Travel nurses aren't returning to their old jobs

Rather than return to their former hospital jobs, some travel nurses are leaving the field altogether as demand for travel nurses comes back down from unprecedented highs during the pandemic, NBC News reported Sept. 3

In January 2020, right before the onset of the COVID-19 pandemic, there were about 50,000 travel nurses in the U.S., officials from Staffing Industry Analysts told the news outlet. That number doubled to at least 100,0000 as the coronavirus began spreading. Lucrative travel pay led to many hospital staff nurses leaving their jobs. 

 Now, nurses who once earned $5,000 or more a week on travel assignments earn less than half of that as demand for travel nurses drops. Citing data from staffing firm Aya Healthcare, NBC reports that travel nurse demand dropped 42 percent from January to July of this year. 

 But the drop in demand and pay isn't luring all travel nurses back to their old hospital jobs. The news outlet spoke to nine travel nurses across the U.S. who are now considering alternate career paths. Some said they are starting their own businesses, and others are studying for advanced degrees to leave bedside nursing.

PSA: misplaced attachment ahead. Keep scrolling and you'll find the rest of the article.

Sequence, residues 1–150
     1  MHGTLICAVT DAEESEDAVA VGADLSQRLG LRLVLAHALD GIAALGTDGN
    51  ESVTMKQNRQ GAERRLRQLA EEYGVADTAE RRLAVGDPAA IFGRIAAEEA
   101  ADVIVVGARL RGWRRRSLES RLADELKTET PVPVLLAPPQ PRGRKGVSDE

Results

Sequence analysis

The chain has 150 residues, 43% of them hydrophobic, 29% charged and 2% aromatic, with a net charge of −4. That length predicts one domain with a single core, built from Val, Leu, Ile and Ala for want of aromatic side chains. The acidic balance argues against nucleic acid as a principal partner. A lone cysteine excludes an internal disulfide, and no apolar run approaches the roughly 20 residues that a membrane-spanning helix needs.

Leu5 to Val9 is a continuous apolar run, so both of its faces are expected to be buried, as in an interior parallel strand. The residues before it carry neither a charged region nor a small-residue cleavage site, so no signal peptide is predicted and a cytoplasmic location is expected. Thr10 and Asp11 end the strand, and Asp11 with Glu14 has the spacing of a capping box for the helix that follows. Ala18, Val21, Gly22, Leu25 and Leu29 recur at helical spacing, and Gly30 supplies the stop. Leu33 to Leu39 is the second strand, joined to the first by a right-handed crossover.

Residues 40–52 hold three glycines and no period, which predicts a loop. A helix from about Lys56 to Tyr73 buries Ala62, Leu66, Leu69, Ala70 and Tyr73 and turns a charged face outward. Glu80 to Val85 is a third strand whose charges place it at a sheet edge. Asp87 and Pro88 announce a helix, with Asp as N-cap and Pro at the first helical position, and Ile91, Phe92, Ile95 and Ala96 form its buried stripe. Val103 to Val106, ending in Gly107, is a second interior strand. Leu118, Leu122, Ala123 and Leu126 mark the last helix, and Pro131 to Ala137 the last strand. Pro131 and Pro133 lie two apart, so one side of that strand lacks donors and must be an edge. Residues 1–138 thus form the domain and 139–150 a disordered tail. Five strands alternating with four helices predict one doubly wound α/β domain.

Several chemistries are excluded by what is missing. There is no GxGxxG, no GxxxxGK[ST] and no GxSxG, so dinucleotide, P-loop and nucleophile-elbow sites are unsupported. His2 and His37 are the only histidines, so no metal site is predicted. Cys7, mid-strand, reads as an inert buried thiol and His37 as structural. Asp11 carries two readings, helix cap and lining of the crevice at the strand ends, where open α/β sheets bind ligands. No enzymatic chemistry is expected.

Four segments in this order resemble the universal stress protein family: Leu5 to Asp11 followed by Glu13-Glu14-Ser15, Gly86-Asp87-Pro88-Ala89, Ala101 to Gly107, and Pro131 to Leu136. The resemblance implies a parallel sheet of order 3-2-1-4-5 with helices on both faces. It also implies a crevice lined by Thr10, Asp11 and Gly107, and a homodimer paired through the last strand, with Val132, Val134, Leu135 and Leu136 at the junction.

Nurses who want to leave the field point to patient safety concerns amid growing work loads. 

 "People say it's burnout but it's not," Pamela Esmond, RN, who became a travel nurse during the pandemic, told NBC. "It's the moral injury of watching patients not being taken care of on a day-to-day basis. You just can't take it anymore." 

 Ms. Esmond, 59, plans to continue working as a travel nurse until she retires at 65. 

 "I would love to go back to staff nursing, but on my staff job, I would never be able to retire." 

 Click here to read the full story. 

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